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Terry Gilliam, Ricky Gervais Befuddle Woke Reporters

Celebrities who crave softball interviews have an easy solution.

Speak out against Climate Change.

Just look what happened when Jane Fonda did just that late last year. The Oscar winner got a crush of positive press. Very few, if any, reporters pressed her about her own carbon footprint, whether her repeated arrests really help and how she travels so frequently from D.C. to where her Netflix series “Grace and Frankie” shoots.

The opposite is true for artists who defy the Thought Police.

Consider this chat with Monty Python alum Terry Gilliam. The director, much like fellow Python player John Cleese, has had enough of political correctness. So when given the chance to talk up his latest movie project he ignored it entirely.

Instead, Gilliam explored a number of hot button topics that left his interviewer scrambling for her safe space.

Why?

Gilliam didn’t succumb to her woke reporter groupthink. In fact, he pushed and prodded her on a number of issues. Was he kidding? Sort of. Maybe. He was being provocative, questioning certain lines of thinking that are considered beyond debate from modern Leftists.

That group intersects dramatically with most reporters. That’s how we get exchanges like this:

It is deeply frustrating to argue with Gilliam. He is both the devil and his advocate. I try to say that it’s not that white men are to blame for everything, but that they are born with certain privileges that, too often, they exploit. He interrupts.

“It’s been so simplified is what I don’t like. When I announce that I’m a black lesbian in transition, people take offence at that. Why?”

Is it the reporter’s job to “argue” with her subject? She can question him, push him on issues, and more. But argue?

Gilliam is giving the outrage police all the material they crave, and then some.

But to read the entire conversations reveals the caveats, the shades of gray, that make his positions more reasonable.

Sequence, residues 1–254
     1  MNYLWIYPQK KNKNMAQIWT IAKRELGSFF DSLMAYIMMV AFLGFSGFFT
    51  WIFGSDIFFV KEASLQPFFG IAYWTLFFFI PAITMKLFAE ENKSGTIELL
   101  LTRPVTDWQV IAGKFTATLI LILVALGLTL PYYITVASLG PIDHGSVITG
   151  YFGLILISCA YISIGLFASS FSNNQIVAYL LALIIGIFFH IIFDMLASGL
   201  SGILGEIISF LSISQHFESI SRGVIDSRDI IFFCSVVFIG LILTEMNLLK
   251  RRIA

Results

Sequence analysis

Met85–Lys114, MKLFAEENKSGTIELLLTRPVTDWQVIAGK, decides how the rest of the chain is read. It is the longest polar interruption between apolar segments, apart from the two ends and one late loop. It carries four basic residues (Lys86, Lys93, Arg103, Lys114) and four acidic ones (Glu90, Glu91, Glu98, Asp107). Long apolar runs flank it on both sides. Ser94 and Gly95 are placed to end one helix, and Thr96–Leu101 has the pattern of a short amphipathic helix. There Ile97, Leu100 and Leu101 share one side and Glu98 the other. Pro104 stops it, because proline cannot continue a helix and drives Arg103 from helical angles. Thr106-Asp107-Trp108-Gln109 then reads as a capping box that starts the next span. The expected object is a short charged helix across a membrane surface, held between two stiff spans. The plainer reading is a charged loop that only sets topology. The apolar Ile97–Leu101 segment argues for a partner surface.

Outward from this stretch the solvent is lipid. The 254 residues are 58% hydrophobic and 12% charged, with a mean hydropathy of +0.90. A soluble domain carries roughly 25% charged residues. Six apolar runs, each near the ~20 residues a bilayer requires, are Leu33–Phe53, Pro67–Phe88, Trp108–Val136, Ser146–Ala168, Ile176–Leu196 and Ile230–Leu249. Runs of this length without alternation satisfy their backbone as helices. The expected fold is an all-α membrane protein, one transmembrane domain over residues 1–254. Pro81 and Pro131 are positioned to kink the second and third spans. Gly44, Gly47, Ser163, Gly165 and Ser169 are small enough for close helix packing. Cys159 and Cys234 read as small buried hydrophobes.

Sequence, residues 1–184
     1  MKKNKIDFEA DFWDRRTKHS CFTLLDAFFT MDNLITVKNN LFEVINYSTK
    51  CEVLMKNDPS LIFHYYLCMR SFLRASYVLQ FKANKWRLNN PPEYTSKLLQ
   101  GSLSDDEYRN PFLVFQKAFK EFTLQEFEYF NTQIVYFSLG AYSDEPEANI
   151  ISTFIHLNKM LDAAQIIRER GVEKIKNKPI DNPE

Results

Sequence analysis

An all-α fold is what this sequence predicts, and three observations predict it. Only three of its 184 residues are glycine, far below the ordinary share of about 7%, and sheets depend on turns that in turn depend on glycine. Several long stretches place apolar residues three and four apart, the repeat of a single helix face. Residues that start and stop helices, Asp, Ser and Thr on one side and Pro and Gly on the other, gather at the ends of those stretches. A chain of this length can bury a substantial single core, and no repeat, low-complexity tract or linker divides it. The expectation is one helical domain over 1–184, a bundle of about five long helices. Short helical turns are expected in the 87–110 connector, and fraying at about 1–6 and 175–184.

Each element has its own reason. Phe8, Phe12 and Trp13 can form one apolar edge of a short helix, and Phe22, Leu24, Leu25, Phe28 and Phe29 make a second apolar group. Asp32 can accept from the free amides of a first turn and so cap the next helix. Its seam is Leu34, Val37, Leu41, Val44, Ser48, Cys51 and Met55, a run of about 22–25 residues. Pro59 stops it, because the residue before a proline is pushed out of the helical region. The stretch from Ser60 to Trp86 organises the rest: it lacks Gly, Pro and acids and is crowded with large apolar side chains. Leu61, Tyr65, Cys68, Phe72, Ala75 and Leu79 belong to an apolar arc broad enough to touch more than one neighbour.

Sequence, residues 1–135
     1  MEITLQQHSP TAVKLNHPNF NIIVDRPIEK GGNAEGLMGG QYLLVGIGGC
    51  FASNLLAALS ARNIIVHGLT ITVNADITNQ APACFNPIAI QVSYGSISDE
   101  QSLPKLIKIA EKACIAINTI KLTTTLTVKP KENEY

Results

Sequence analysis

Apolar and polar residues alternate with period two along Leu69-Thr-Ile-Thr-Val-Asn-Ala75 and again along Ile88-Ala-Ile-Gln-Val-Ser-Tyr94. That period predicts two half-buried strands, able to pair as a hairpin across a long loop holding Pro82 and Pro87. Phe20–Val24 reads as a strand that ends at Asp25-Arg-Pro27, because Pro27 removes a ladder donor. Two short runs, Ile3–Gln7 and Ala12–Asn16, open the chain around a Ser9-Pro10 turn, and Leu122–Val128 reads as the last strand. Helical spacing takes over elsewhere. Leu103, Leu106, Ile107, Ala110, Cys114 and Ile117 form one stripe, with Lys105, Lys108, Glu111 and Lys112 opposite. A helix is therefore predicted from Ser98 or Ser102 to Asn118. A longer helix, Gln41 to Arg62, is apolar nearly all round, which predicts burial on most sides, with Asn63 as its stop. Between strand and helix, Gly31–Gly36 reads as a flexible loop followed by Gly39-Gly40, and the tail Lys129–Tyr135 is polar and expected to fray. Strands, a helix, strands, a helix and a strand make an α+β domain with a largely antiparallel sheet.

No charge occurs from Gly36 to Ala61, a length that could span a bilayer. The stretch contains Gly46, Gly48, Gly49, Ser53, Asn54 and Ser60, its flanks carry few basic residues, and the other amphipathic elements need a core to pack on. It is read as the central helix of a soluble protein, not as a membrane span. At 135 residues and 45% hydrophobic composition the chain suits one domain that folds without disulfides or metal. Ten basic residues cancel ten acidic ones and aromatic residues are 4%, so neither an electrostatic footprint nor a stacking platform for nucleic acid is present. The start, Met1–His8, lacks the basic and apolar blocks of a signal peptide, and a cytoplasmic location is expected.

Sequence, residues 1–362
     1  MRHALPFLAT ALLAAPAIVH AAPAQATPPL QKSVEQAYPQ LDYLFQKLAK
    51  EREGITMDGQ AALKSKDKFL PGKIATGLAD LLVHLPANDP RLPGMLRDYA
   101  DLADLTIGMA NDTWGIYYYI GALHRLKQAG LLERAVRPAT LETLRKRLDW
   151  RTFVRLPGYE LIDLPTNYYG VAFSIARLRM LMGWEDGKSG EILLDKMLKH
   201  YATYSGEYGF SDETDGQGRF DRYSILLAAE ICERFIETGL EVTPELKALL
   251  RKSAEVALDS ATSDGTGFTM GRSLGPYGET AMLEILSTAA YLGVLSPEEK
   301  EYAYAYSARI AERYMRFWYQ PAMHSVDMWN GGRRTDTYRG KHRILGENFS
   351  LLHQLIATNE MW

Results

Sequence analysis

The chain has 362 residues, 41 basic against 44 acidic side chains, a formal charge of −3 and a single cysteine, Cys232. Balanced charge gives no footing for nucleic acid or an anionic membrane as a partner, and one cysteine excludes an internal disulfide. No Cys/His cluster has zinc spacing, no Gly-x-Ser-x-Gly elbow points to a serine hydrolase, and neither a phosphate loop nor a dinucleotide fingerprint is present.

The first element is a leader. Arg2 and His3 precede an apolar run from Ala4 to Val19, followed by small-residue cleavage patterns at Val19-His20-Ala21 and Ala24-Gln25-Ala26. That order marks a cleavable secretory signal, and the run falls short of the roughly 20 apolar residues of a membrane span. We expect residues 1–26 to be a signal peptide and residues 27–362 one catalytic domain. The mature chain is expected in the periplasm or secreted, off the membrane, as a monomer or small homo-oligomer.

On a certain level he knows it won’t work that way. And he likely doesn’t care.

“I’m into diversity more than anybody,” he says, “but diversity in the way you think about the world, which means you can hate what I just said. That’s fine! No problem. I mean, you can believe whatever you want to believe, but fundamentalism always ends up being, ‘You have to attack other people who are not like you,’ and that’s what makes me crazy. Life is fantastic, it’s wonderful, it’s so complex. Enjoy it and play with it and have fun.

And then there’s Ricky Gervais. The media spent the last two weeks amplifying his “transphobic” comments, hoping to derail his fifth time hosting the Golden Globes.

It didn’t work.

Why?

In part because Gervais ignores the outrage mob. He also deftly explains himself in ways that tie the Left (and the media) up in knots. Gervais, who triggered liberals with his Netflix special “Humanity,” is more eloquent, and understanding, of his woke reporter than Gilliam. The latter legend probably doesn’t care.

The results, however, are similar.

Question after question pound Gervais, all from a similar playbook.

  • Isn’t what you’re doing wrong?
  • Why won’t you apologize?
  • Isn’t your brand of humor dead and buried?

The whole interview must be read to be fully appreciated.

Consider these highlights:

People like the idea of freedom of speech until they hear something they don’t like. … It’s just another form of what we’ve been through many, many times — it used to be called P.C. I think those things start off with very good intention and then they’re mugged. It’s a good thing to not be racist and sexist and homophobic. But it’s not a good thing to not be allowed to make jokes about those things, because you can tell a joke about race without being racist.

Here, Gervais defends himself and captures the current mood as well as anyone could.

How do you respond when people keep bringing up comments that you’ve made and implying that you are transphobic?

I just say I’m not. And there’s nothing else you can say, you know? Yeah, I’m not. I can justify the jokes, but I get it. Some people, when you deal with contentious issues or taboo subjects, the very mention of them is the sacrilege.

Now, you could argue these reporters pressed their subjects in ways that illuminated both the artist and his views. Fine.

Even better?

Will they start asking stars with whom they agree with similarly tough questions?

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